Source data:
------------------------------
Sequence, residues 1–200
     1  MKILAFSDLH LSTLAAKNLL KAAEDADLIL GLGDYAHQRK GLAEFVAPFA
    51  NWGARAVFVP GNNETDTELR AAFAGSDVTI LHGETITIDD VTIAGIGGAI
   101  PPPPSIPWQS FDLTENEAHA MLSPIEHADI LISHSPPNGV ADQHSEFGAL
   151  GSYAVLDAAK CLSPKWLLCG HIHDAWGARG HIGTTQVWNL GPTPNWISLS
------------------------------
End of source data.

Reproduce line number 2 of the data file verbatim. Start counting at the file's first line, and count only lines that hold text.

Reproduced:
     1  MKILAFSDLH LSTLAAKNLL KAAEDADLIL GLGDYAHQRK GLAEFVAPFA